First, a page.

(adsbygoogle = window.adsbygoogle || []).push({}); Compute the flux of neutrinos arriving at Earth, i.e. the number of neutrions that land on each square meter of Earth's surface each second.

The question is referring to neutrinos created in the photon-photon chain in the Sun.

I already computed that the Sun releases [tex]1.78*10^{38}[/tex] neutrinos per second in the photon-photon chain.

So 1 square meter, if face-on to the Sun at Earth's distance should intercept[tex]\frac{1}{4 \pi r^2}*1.78*10^{38} [/tex] neutrinos per second, where r is 149598000000 the radius of Earth's orbit in meters.

So, 1 square meter, if face-on to the Sun at Earth's distance should intercept [tex]6.33*10^{14} neutrinos/s[/tex]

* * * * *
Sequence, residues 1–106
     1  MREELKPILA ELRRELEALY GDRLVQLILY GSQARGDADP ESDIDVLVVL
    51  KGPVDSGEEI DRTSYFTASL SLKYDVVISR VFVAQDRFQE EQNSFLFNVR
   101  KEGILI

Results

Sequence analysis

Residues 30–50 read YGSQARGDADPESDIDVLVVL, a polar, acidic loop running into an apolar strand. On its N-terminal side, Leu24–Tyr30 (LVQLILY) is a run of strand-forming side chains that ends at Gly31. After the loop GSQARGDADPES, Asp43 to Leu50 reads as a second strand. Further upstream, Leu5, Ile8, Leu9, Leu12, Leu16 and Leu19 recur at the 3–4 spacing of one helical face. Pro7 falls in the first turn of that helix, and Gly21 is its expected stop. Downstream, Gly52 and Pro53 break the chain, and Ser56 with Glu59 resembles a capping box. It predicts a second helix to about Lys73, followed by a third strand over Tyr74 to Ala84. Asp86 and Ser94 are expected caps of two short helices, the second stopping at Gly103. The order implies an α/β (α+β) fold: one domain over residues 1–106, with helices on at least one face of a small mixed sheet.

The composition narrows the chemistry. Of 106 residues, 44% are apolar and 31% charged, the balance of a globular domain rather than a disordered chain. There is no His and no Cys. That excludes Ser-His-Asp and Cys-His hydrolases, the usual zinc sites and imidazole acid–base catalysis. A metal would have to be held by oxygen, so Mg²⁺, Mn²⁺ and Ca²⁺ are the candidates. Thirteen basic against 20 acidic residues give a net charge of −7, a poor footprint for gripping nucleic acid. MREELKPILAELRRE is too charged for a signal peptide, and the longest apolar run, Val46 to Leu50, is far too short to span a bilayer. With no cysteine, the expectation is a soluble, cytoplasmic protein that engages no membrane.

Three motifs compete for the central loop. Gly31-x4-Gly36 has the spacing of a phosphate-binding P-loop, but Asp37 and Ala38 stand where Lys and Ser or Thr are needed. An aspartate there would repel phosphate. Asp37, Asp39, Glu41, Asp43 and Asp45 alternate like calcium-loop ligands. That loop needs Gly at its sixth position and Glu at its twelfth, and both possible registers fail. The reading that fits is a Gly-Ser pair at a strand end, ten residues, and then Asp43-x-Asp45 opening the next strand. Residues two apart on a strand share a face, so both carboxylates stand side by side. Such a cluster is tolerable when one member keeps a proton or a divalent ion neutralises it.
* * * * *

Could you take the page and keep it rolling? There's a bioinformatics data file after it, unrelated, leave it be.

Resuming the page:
I have a feeling that this is the answer the teacher will consider correct. However, not all square meters on Earth's surface are face-on to the Sun. Only square meters where the Sun is directly overhead will receive a full dosing of [tex]6.33*10^{14} neutrinos/s[/tex]. Square meters of Earth's surface where the Sun is setting or rising should receive 0 neutrinos (consider the Sun a point or a whole new can of worms is opened!)

All points inbetween will receive anywhere between 0 and [tex]6.33*10^{14} neutrinos/s[/tex].

But the change from minimum to maximum not a linear function, so I can't just average it. What would I use to compute the average flux? Can I avoid integrating? This class is supposed to avoid Calculus, but I have a feeling the integration in this case is easy since it is related only to SIN.

Any thoughts?...

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# Homework Help: Compute the Flux of Neutrinos

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